“The Attorney-General went out of his way to select three retired South African judges and handing their names over to the Prime Minister (on 17 December 2015) for Your Majesty to appoint to serve as members of the Section 125 Tribunal under the Constitution of Lesotho.”
He also casts doubt on the objectivity of the tribunal given that they were appointed by a complainant.
“As at present, all indications are that the justice system in the country has become paralysed and the rule of law jettisoned, if not relegated to the dustbin of history in our Kingdom.
“Whether guilty or not, no one can expect judges selected by the complainant Attorney-General to do justice in his own cause.”
Dr Mosito states there is no hope of any justice since Dr Mosisili’s government is still “momentarily in place”.
“I have therefore decided, as I do hereby do, to tender my resignation as President of the Court of Appeal of Lesotho forthwith. The effect hereof is that the purported impeachment proceedings are hereby aborted and there will be no need for Your Majesty to suffer the indignity of having to remove me pursuant to the binding advice of the Attorney-General’s selected former South African judges. I am prepared to come back soon to serve the Nation in the administration of justice when the political climate will be conducive.”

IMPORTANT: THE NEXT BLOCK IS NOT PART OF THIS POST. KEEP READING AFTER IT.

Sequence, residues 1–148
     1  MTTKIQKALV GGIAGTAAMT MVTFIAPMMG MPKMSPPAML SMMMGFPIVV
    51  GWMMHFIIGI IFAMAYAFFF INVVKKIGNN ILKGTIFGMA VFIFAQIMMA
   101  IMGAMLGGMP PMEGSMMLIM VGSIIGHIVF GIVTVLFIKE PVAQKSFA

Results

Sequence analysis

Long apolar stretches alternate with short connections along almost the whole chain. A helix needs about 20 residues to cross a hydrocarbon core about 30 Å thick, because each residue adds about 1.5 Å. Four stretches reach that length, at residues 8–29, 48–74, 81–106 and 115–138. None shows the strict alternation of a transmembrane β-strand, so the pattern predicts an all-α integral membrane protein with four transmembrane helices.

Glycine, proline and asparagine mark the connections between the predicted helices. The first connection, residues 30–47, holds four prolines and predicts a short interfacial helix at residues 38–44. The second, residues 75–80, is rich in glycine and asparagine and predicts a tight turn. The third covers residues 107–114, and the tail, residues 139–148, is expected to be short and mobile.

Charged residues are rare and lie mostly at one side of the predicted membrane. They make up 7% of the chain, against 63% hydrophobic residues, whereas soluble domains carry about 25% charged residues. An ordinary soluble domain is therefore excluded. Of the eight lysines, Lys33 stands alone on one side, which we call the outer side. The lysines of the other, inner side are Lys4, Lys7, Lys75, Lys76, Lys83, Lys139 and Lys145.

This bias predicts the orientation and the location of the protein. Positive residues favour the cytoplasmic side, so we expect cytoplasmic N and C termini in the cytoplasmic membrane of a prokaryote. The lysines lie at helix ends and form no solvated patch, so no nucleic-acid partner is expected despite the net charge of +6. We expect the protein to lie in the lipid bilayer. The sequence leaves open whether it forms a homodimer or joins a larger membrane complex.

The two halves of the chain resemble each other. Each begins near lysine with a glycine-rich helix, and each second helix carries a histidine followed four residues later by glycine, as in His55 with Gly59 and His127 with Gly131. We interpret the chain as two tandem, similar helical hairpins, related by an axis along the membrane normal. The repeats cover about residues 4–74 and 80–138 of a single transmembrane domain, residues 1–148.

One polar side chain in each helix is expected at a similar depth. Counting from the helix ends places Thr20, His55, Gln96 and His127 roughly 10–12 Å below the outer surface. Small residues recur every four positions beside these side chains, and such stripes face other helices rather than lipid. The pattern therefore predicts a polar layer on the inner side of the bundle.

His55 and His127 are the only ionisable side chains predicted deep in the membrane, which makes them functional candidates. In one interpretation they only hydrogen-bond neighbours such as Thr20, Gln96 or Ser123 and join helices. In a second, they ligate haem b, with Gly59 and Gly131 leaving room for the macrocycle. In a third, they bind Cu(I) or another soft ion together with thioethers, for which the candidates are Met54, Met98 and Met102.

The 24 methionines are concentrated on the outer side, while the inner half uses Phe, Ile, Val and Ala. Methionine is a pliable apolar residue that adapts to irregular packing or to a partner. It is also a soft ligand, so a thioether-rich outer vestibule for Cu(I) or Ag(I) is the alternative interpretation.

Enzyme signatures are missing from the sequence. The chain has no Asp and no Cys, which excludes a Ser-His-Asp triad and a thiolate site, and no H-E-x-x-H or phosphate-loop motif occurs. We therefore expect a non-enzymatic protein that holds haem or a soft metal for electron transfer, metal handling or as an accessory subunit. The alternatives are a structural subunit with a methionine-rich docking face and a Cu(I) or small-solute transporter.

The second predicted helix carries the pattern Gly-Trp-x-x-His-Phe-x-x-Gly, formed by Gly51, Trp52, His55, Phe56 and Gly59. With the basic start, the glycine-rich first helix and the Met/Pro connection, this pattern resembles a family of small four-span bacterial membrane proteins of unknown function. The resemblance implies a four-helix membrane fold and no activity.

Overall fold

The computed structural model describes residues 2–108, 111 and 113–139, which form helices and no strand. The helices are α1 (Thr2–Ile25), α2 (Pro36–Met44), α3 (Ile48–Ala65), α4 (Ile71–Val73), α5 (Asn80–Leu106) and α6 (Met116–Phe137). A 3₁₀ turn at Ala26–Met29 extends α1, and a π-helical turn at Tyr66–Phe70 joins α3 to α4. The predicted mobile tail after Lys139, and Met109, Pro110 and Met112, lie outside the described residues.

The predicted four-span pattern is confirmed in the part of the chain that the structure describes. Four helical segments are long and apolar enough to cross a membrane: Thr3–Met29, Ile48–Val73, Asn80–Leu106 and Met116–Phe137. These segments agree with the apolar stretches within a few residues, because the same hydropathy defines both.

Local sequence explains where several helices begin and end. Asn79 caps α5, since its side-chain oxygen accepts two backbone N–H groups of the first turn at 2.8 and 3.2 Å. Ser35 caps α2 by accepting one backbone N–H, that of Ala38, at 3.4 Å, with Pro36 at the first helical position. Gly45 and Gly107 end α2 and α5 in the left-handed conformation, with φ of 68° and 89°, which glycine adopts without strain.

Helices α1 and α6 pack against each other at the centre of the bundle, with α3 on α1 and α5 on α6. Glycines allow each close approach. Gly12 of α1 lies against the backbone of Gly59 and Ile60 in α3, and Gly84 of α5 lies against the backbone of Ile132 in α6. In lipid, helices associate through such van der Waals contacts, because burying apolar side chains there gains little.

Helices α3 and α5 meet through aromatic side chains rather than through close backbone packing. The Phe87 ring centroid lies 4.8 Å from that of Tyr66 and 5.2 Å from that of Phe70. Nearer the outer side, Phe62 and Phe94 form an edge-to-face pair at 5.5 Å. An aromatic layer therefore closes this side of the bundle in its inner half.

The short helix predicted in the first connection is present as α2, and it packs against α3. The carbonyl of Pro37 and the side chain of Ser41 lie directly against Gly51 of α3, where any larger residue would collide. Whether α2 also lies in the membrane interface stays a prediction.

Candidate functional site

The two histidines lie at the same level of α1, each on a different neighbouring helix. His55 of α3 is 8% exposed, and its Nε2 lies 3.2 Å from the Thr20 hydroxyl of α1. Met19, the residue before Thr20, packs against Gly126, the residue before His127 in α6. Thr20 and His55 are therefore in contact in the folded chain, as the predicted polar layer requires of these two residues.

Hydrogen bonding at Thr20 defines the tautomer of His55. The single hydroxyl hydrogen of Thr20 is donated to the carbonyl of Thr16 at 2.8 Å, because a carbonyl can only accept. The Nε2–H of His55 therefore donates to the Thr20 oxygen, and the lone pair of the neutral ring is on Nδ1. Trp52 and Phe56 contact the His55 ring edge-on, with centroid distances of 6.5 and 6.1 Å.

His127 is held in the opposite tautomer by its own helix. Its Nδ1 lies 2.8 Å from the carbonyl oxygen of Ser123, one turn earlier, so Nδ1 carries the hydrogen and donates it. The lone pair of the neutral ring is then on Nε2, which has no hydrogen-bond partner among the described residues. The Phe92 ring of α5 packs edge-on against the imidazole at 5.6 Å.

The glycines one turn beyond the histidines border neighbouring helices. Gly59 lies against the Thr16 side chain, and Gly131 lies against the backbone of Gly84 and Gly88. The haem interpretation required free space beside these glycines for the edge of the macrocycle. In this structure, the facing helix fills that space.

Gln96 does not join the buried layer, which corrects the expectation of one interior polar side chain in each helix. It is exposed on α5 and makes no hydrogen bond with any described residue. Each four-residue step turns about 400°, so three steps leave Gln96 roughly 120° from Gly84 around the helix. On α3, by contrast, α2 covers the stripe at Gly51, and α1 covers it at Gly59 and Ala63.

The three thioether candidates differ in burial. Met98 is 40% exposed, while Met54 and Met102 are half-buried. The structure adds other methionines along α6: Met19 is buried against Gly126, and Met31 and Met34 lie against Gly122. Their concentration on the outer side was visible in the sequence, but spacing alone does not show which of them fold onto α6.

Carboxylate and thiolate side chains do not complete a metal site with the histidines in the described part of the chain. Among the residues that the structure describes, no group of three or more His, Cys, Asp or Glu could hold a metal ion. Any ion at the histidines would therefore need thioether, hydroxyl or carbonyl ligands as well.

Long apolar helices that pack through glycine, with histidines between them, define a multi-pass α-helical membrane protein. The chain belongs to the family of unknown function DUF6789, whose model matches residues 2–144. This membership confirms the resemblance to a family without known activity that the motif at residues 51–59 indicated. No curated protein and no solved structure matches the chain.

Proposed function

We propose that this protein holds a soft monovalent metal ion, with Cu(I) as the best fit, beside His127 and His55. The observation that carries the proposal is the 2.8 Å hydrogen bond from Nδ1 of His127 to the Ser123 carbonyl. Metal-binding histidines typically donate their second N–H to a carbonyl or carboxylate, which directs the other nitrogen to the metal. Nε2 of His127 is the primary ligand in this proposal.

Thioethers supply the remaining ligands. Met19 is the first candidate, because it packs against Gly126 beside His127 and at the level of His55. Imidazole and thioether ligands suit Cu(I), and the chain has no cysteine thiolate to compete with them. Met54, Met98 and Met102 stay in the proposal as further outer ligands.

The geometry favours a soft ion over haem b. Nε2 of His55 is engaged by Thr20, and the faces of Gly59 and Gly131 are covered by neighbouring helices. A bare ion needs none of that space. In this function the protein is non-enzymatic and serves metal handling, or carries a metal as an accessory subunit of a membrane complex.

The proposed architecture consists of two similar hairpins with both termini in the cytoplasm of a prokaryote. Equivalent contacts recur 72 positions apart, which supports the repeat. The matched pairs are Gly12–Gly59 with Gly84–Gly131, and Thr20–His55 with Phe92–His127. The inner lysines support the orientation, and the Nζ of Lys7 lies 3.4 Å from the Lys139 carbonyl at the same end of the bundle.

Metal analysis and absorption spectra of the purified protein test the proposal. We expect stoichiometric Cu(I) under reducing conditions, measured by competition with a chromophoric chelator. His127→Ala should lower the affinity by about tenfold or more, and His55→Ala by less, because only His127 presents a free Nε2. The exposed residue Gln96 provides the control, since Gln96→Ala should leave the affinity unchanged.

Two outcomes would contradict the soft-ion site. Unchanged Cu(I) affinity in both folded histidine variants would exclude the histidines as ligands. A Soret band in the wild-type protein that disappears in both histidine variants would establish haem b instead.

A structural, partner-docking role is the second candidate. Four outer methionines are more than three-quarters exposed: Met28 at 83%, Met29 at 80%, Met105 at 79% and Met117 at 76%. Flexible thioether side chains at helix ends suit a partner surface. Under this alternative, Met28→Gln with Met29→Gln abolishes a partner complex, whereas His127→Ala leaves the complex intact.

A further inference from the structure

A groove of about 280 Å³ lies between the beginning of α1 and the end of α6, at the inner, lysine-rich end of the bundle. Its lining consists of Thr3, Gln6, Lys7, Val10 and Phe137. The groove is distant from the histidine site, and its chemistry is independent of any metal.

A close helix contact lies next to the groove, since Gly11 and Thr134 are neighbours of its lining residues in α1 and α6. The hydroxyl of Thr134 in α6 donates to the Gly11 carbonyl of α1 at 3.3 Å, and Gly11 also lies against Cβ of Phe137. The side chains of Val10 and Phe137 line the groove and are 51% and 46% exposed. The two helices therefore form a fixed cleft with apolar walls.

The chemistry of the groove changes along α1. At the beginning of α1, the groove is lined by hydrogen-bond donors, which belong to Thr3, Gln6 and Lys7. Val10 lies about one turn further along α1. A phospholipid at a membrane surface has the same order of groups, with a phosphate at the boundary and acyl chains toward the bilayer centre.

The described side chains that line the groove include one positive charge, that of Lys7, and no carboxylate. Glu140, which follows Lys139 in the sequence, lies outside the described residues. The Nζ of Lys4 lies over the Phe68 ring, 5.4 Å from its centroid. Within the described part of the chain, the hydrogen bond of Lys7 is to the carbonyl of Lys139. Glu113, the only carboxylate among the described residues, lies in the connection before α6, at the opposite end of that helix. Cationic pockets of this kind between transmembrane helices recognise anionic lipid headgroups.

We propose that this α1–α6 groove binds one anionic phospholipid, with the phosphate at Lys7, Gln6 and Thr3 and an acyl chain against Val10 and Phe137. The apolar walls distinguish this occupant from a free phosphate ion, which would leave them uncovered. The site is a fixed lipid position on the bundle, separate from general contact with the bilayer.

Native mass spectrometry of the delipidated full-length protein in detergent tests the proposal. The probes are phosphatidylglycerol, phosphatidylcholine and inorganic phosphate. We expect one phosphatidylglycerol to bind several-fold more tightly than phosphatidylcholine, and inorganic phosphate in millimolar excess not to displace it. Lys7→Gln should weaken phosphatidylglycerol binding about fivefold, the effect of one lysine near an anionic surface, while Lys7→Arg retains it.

However, Mr Phosholi’s letter titled “Outcome of Tribunal” insists Dr Mosito’s resignation is rendered “ineffectual” by constitutional requirements. The letter also notifies Dr Mosito of his removal as Court of Appeal president.
“I refer to your letter of the 13th December, 2016 addressed to His Majesty. I write under the command of His Majesty to inform that, acting in accordance with section 125 (4) of the Constitution, His Majesty hereby removes you from office as judge and President of the Court of Appeal with effect from the 23rd December 2016.”
Mr Phosholi also states the decision was arrived at after the submission of a report by the three-member impeachment tribunal.
“In the report, the tribunal advised His Majesty to remove you from office,” he says.
“I wish to further inform you that, on legal advice, your letter of resignation is considered ineffectual on account of the mandatory and obligatory provisions of Section 125(4) of the Constitution.”
Dr Mosito’s removal also appeared as Legal Notice No. 156 of 2016 in the government gazette Volume 61 of 23 December 2016 titled: “Removal of President of Court of Appeal Notice, 2016”.